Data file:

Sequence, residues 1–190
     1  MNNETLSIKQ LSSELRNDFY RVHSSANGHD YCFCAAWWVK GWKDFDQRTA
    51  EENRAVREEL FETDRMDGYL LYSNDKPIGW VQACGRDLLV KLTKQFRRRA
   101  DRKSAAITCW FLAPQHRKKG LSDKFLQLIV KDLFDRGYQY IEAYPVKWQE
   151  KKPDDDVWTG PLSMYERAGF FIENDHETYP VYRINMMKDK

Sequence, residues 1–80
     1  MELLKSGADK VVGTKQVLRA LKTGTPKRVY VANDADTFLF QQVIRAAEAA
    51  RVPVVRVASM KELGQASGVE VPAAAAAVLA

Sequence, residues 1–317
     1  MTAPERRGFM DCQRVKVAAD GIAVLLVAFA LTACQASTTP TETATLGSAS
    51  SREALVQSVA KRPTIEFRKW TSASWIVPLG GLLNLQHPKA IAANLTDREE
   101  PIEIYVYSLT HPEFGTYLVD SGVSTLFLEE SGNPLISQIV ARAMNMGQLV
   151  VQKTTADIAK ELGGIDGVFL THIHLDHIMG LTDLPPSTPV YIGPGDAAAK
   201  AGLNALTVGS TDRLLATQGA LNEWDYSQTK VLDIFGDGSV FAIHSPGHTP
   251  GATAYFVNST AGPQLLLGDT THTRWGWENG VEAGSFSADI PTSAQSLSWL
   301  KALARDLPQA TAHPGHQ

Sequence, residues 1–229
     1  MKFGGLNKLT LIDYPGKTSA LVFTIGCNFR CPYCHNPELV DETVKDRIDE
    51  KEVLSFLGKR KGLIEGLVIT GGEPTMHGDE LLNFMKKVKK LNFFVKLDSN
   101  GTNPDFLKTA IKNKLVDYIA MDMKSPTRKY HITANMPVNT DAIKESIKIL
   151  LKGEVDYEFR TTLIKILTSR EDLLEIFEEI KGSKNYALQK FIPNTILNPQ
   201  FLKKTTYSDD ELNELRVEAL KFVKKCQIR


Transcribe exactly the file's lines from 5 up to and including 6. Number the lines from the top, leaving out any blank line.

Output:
   151  KKPDDDVWTG PLSMYERAGF FIENDHETYP VYRINMMKDK

Sequence, residues 1–80